Once you have a measurable goal to reach, you will start to come up with ways to achieve it.Tony Robbins is a huge proponent of using aday planner to track your overall categories for progress, which you then chunk down into months, weeks and days of things to do. This reduces stress by making each thing more manageable.
Once you have your goals set, check in frequently and simply ask “How am I doing?” Pay attention to both your successes and failures. With this one simple thing, you’ll notice that you are actually making progress toward your goals, making them more achievable.
The average employee has only taken 54 percentof their vacation days, and 55 percentof Americansdon’t take their vacation days because they feel they will be replaced if they do.If you’re acting out of fear, that will only increase your stress levels, whereas taking vacation will increase productivity overall.
A recent study has shownthat just having your technology around you, even if you aren’t using it, the worseoff you are in brain power and sleep cycles.
Having a true technology-free day a week allows you to rest and recharge, which in turn has been shown to increase productivity and lower stress levels.
Stop wearing your workaholicism as a badge of honor — it’s not. The real mark of success is a laser-sharp focus on what is truly essential and a sustainable work-life balance, rather than working for the sake of work.
You may realize thatsleep is key toproductivity, but research also points to its importance for leaders.
Your sleep routine may be downright essential to your work and the success of your business. Eti Ben Simon, a neuroscientist and postdoctoral fellow at UC Berkeley’s Center for Human Sleep Science, points to several studies that track sleep’s impact on productivity, including one by Christopher M. Barnes and Nathaniel F. Watsonpublished in February 2019that looked at how sleep can help maximize employee effectiveness.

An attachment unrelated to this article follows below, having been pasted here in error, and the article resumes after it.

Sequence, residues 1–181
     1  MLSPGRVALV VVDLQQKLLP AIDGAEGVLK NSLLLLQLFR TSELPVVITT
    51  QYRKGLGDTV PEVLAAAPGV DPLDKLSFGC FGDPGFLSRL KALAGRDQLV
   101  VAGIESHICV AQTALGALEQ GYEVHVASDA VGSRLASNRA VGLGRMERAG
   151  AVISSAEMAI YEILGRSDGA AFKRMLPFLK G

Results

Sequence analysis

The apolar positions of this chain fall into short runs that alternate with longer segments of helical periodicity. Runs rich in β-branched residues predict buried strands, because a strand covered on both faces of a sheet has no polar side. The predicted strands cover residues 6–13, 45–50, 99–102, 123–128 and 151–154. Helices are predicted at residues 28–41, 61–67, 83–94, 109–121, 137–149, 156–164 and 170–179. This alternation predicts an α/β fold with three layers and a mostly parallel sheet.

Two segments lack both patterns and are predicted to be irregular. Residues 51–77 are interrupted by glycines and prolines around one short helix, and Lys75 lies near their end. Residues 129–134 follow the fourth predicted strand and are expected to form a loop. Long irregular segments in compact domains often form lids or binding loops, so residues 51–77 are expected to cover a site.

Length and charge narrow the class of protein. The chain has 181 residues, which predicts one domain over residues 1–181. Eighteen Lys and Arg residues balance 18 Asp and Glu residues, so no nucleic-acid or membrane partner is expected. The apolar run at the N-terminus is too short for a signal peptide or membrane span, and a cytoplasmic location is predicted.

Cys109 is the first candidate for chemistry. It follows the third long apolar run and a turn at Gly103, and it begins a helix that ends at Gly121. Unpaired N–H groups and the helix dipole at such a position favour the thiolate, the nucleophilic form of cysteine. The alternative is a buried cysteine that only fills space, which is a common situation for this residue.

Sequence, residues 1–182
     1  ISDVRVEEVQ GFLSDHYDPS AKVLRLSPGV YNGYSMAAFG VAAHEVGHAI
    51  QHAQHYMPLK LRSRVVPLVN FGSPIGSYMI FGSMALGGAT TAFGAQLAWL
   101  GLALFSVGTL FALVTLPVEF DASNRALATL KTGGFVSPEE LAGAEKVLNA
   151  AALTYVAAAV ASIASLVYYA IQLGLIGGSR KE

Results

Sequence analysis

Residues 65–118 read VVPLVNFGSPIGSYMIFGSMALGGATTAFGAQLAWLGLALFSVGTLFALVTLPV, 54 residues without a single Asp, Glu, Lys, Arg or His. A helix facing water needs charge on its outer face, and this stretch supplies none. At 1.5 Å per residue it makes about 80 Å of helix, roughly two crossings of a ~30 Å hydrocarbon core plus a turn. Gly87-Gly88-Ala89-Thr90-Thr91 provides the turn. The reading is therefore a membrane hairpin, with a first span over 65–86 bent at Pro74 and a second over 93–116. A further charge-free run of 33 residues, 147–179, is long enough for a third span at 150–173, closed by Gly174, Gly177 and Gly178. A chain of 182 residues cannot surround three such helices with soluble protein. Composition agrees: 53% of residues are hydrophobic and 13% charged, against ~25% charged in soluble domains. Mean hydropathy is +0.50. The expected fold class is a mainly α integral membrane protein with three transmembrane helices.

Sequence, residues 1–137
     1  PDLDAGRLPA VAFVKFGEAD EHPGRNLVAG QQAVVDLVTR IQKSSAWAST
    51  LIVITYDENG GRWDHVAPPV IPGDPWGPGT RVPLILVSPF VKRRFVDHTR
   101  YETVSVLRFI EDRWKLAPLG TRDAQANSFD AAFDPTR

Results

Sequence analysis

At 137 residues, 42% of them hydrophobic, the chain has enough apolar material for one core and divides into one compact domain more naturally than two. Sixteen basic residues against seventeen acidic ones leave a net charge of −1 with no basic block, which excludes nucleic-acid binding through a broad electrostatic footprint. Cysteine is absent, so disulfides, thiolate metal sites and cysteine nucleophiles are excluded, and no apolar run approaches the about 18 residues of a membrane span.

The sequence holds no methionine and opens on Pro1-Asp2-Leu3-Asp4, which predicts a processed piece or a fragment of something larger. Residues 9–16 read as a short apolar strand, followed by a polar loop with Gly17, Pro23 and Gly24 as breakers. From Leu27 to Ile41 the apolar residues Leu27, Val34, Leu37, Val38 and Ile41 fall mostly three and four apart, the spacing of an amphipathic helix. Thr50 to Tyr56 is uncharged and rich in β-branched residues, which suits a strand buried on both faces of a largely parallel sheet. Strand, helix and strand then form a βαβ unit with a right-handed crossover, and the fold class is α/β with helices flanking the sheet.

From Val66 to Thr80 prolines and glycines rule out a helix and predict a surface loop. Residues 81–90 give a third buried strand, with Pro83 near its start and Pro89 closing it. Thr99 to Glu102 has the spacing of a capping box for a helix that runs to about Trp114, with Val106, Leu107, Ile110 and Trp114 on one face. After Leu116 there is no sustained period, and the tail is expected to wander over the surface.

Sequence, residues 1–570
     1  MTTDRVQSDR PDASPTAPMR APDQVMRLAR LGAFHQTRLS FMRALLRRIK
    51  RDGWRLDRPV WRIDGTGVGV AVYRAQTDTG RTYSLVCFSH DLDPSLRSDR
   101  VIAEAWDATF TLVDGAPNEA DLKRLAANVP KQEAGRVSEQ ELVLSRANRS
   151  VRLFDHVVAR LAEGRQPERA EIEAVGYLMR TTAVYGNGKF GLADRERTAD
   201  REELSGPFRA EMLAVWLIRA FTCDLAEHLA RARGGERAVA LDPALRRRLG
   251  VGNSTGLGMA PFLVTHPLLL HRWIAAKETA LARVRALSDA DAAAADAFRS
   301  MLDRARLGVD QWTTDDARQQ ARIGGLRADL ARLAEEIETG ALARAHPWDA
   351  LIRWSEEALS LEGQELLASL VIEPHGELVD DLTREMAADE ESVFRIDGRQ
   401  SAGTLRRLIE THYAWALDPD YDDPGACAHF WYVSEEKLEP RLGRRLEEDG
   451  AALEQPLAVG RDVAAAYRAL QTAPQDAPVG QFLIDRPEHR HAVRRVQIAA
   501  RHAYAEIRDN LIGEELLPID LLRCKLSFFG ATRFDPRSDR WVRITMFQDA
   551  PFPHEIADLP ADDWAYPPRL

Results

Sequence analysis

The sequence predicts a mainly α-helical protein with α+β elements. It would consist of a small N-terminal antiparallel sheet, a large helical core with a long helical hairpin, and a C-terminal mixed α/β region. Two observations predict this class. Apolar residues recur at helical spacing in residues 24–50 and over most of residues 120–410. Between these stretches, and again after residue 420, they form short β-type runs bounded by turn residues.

Team leaders’ lack of sleepcould even diminish their perceived charisma in the eyes of their employees, according to another study by Barnes, along with Cristiano L. Guarana, Shazia Nauman, and Dejun Tony Kong,published in May 2016.
“A good night’s sleep is important for every system in our bodies from our brains to how we’re motivated, to how we deal with stress, all the way down to our immune response–which is very relevant right now,” says Ben Simon.
Sleep “istied to optimal functioning,” saysAric Prather, an associate professor at UCSF Weill Institute for Neurosciences, who has studied the subject for 15 years. Sleep plays arole in emotional health and physical health andis critical for a strong immune system, he says.
So, how can you get your best sleep? The experts have some suggestions:
Prather and Ben Simon each cite the importance of a more or less fixed sleep schedule, sevendays a week. That means going to bed at the same time every night, especially when your body begins to signal that you’re tired,and waking at the same time every morning.